Brad Garnett

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Digital Forensics, Incident Response, and Information Security

DFIR: Sunday Reading

After catching up on my RSS feeds this morning, there are a few articles that I thought I would share.

  1. 2014 Forensic 4 Cast Awards: Have you submitted your nomination?
  2. The Volatility team has a good blog post up regarding POS (Point of Sale) Malware that was allegedly used in the Target data breach.
  3. Master Linux forensicator and SANS Instructor Hal Pomeranz has started a GitHub with his perl scripts that he uses in forensic examinations. 
  4. @jackcr's  Handler Diaries Blog: Keeping Focus During An Incident is a good read for the incident responder. 
  5. Unless you have been living under a rock, you probably follow Harlan's Windows IR blog and Corey's Journey Into IR blog. Both are superb resources for the forensic examiner and incident responder.
  6. David Cowen's HECF Blog is updated daily. Every Friday, David and his team host the Forensic Lunch. This past week's show featured Sarah Edwards and Craig Ball. Sarah discussed her upcoming Mac Forensics course with SANS. I've met Sarah and have heard her speak. Being a Mac forensicator, I am looking forward to this course. Craig Ball, Esq. discussed his role in being a Special Master in civil courts and brought an excellent perspective of digital forensics in the American court system. If you are a forensic examiner, make sure you watch his segment on the Forensic Lunch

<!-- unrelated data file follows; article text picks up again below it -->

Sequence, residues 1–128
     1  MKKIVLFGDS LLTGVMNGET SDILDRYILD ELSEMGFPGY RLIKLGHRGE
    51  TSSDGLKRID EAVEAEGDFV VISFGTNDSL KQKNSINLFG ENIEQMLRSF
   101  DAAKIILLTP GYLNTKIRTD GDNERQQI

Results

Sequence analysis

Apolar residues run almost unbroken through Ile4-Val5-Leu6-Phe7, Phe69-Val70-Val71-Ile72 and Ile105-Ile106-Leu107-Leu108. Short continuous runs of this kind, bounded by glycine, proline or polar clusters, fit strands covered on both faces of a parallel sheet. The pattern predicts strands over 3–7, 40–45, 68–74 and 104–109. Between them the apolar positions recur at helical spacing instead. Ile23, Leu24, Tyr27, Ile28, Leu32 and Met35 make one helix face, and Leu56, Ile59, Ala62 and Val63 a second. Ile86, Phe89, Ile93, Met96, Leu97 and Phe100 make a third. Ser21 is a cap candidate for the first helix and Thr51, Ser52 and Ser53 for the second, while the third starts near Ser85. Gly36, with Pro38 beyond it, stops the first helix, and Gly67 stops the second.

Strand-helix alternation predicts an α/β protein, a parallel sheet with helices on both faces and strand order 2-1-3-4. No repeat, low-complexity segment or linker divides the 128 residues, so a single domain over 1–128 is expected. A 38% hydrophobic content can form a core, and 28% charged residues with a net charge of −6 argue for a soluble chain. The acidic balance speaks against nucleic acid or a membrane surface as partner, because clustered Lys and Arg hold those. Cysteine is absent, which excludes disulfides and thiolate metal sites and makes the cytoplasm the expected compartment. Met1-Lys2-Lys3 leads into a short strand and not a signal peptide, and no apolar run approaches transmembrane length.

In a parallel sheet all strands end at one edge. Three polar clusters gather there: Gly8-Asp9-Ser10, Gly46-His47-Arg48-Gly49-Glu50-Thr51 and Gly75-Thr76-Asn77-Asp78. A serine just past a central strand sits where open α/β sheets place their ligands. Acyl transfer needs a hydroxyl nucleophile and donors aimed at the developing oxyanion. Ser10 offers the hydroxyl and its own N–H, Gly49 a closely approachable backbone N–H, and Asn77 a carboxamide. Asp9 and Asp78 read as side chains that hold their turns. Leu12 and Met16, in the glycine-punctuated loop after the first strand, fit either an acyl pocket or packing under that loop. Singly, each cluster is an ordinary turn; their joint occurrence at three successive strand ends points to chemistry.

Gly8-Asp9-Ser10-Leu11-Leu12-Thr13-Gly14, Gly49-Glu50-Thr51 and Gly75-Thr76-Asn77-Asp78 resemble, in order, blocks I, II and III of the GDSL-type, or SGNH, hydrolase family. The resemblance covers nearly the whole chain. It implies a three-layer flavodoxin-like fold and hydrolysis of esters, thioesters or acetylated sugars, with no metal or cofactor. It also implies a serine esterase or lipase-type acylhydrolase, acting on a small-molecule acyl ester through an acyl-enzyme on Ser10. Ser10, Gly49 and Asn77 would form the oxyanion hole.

7. Shellbag Forensics by Dan Pullega shared his research to his blog last month and is continuously updating it. Dan's research is being updated regularly (01.14.2014). Dan has done some groundbreaking research and if you are looking for someone to nominate for the 2014 Forensic 4cast Awards, this would be someone you should consider.
  8. Finally this Sophos article also caught my attention, Anonymous Yelp reviewers must be outed, US Court rules. This article points out,"...that anonymous users aren't covered by First Amendment protection of free speech if a review is "based on a false statement"...". As a society and with the evolution of technology, people have generally become desensitized. Don't say something online that you would not say or feel comfortable saying in person. So remember, spreading false information does not carry First Amendment protection of in itself. If you are interested in reading excellent articles and case studies on cyber crime and cyber conflicts I would recommend Susan Brenner's Cyb3rCrim3 blog. Another great legal resource is Benjamin Wright's blog at